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TP-LINK N600 Wireless N Dual Band Gigabit Router w/ 2x USB Ports (TL-WDR3600) EXPIRED

Discombobulated 73,449 February 19, 2013 at 12:00 AM in Mail In Rebate (8) More Newegg Deals
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Promoted 02-19-2013 at 07:17 AM View Original Post
Newegg.com has TP-LINK N600 Wireless N Dual Band Gigabit Router w/ 2x USB Ports (TL-WDR3600) for $68.99 - $15 w/ promo code EMCXVWL24 - $15 rebate = $38.99 with free shipping. Thanks Discombobulated

Price Research: Our research indicates that this TP-LINK TL-WDR3600 N600 Wireless Dual Band Gigabit Router w/ 2x USB Ports is $27 lower (41% savings) than the next best available price from a reputable merchant with prices starting from $66. - brisar

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Edited February 19, 2013 at 01:57 AM by Discombobulated
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Community Wiki

Last Edited by The Debater March 20, 2013 at 03:33 PM
Update to latest stock firmware if not planning to use a 3rd party firmware (OpenWrt, DD-WRT). The latest stock version includes several important stability fixes:
http://www.tp-link.us/support/dow...version=V1

Note: flashing to a 3rd party firmware will void your warranty. Proceed with caution. If you follow the directions carefully, you will be fine.


Note also (unsupported 3rd party feature): 3rd party firmware does not currently support the hardware NAT feature of this router and probably will not any time soon. Flashing back to stock will restore this functionality.



This router is the cheapest router to get OpenWRT's newest branch, Attitude adjustment which implements CoDEL a new parameterless bufferbloat solution.

Bufferbloat = latency lag when network approaches full usage.

Example: VoIP, VidChat, gaming, latency sensitive apps start stuttering once that other dude in your house starts his NetFlix streaming. You cry and stop doing what you were doing until he's done. OR you can buy this and setup codel and be happy. ^^

Installing OpenWRT isn't necessarily quite as easy but it's straightforward. If you've installed dd-wrt or Tomato, I have confidence in you that you can install OpenWRT Wink
If you know someone who would probably struggle putting dd-wrt/tomato on a router... don't have them install this. They might mess it up.

Got mine and got OpenWRT installed, so far so good....

Here's what I did (Disclaimer, if you are technically challenged I do not suggest doing this or find the beta builds of DDWRT or Gargoyle):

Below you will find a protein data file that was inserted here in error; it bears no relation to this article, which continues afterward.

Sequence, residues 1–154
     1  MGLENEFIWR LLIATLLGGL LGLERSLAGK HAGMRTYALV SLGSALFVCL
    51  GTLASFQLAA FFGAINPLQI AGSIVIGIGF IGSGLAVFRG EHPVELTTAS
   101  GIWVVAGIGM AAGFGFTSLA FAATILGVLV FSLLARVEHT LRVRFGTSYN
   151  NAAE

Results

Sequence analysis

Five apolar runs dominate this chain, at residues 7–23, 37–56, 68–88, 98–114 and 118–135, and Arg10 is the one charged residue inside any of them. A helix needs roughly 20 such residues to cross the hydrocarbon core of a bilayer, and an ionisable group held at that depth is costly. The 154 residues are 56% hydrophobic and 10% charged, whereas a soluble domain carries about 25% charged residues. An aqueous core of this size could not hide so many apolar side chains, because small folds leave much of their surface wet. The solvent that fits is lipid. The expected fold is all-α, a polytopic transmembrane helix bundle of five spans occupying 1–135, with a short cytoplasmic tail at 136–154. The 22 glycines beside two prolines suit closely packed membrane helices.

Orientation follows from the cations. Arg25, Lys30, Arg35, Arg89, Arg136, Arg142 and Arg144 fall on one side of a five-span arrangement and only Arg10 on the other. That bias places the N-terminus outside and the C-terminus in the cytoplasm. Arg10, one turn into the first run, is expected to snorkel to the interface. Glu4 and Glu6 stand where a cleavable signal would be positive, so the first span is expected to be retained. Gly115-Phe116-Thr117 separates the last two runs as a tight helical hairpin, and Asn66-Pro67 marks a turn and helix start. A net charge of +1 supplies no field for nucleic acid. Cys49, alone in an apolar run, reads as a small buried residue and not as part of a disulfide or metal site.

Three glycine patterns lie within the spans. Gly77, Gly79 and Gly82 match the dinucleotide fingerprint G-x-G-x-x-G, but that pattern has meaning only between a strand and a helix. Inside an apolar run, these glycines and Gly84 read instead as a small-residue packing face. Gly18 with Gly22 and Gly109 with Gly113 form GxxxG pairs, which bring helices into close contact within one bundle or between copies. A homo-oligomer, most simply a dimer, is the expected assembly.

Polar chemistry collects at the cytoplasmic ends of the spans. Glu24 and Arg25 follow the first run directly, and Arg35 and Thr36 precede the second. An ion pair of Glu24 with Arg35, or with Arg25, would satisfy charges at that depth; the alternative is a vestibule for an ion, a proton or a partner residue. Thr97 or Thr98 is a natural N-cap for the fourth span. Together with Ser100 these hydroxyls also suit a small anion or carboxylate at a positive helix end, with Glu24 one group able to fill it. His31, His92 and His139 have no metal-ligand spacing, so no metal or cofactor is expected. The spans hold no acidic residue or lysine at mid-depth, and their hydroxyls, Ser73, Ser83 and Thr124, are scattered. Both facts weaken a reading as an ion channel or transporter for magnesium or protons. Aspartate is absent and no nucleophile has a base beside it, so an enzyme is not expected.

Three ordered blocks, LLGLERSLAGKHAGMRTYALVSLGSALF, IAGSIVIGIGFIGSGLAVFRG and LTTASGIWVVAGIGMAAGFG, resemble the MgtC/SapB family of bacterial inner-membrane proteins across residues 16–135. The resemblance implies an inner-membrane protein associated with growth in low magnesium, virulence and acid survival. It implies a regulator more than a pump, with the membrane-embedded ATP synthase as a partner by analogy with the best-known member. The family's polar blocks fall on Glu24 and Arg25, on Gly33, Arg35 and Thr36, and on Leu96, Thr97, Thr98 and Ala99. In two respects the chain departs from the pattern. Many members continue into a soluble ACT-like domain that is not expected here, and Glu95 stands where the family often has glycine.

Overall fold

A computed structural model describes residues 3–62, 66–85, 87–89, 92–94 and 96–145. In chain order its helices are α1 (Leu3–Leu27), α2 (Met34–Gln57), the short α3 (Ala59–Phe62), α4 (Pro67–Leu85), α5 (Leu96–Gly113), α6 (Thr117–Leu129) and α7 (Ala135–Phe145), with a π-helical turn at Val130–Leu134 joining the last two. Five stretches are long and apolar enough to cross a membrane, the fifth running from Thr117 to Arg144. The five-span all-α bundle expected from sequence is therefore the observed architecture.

Original link stopped working here's a new link, if it no longer works see below.
http://downloads.openwrt.org/atti...actory.bin

If that still doesn't work here's the path from the openwrt downloads page.
Attitude adjustment...
12.09-rc1...
Ar71xx...
Generic...
Openwrt-ar71xx-generic-tl-wdr3600-v1-squashfs-factory.bin

1.) Connect an ethernet cable to the LAN side of the router, navigate to 192.168.1.1 (It may be 192.168.0.1). Username is "admin" password is "admin".
2.) Rename your OpenWRT image to "factory.bin". Navigate to the firmware upgrade page and update the firmware with your OpenWRT image.
3.) Once upgrade is done, manually set your computer's IP to 192.168.1.X (whatever you want on 1.X subnet). this step wasn't necessary for me, I got an IP via DHCP right after flashing just fine
4.) Use Putty or some other program to telnet into 192.168.1.1. Type "passwd" at command prompt and set a root password. Type "exit" and get out of the telnet session.
5.) Connect an ethernet cable from your modem to the WAN (Internet) side of the router. The blue port. The router needs internet access for the next step.
5.) Reopen Putty and do an SSH session to the same IP, login as root with your new password. Type "opkg update" and return. Type "opkg install luci" and return. To enable Luci to start on boot, type "/etc/init.d/uhttpd enable" and return and then type "/etc/init.d/uhttpd start" and return. I would also install the Luci qos module, type "opkg install luci-app-qos" and return.
6.) You can now login to Luci via an HTTP interface at 192.168.1.1. Good luck with the rest, just make sure you enable your wifi interfaces and configure them.

NOTE: It has been widely reported that LuCi is already installed and running after the install of OpenWRT. After you do the initial upgrade try navigating to 192.168.1.1 to see if the LuCI interface is up and running. If it is not then you should run through the steps listed above.

7.) Optionally, you may change to a more user friendly interface by installing the bootstrap theme (now available from the software installation function built into the web interface).
Info about bootstrap theme: http://nut-bolt.nl/2012/openwrt-b...-for-luci/
To install: System --> Software --> search for bootstrap in available package --> click install
To activate theme go to: System ---> Language and Style ---> Design ---> Bootstrap Smilie

More info, including instructions for setting up Codel on OpenWrt: https://gist.github.com/petedoyle/4129668. (he does it in a bit more complicated way than necessary, if anyone has easier instructions, please update).
------------------------------------------------------------------------------------------------------------------
Gargoyle install: (i.e. the easy way)
If you want the simple method and are ok with a simplified interface then download the gargoyle image here http://www.gargoyle-router.com/do...actory.bin and do the upgrade with that. It already has the GUI installed and running so you can go directly to 192.168.1.1.

Although very functional, Gargoyle is kind of ugly by default, so if you care about that sort of thing, install a theme Smilie

NOTE: Gargoyle does not have all the options that LuCi does, it was designed this way. It has QOS and Codel installed by default. If you don't know why you want all the options available in Luci, then you probably don't need them.